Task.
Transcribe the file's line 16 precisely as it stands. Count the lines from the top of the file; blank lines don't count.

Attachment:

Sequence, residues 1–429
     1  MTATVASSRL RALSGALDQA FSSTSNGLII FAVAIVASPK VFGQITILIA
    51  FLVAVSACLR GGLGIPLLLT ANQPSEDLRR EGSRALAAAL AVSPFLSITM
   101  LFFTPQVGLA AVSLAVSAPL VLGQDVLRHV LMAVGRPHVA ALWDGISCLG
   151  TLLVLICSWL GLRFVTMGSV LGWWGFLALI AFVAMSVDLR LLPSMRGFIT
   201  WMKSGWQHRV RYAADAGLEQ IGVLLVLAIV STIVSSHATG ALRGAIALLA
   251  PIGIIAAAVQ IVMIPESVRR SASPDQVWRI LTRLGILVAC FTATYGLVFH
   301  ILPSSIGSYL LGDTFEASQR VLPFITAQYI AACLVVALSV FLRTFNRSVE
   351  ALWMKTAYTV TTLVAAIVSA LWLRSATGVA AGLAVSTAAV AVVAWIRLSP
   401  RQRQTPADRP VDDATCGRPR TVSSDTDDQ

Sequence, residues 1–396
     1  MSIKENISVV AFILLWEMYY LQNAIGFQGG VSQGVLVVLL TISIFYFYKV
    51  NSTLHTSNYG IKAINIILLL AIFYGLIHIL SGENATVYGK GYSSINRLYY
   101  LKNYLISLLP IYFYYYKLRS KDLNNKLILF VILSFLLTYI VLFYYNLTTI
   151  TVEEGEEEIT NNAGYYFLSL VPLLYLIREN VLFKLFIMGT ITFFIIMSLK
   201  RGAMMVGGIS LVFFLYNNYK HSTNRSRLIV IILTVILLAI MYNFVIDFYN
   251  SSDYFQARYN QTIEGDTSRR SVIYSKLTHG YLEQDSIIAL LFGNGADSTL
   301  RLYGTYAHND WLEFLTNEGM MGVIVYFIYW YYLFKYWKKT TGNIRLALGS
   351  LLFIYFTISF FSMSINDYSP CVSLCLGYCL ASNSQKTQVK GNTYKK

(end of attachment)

   201  RGAMMVGGIS LVFFLYNNYK HSTNRSRLIV IILTVILLAI MYNFVIDFYN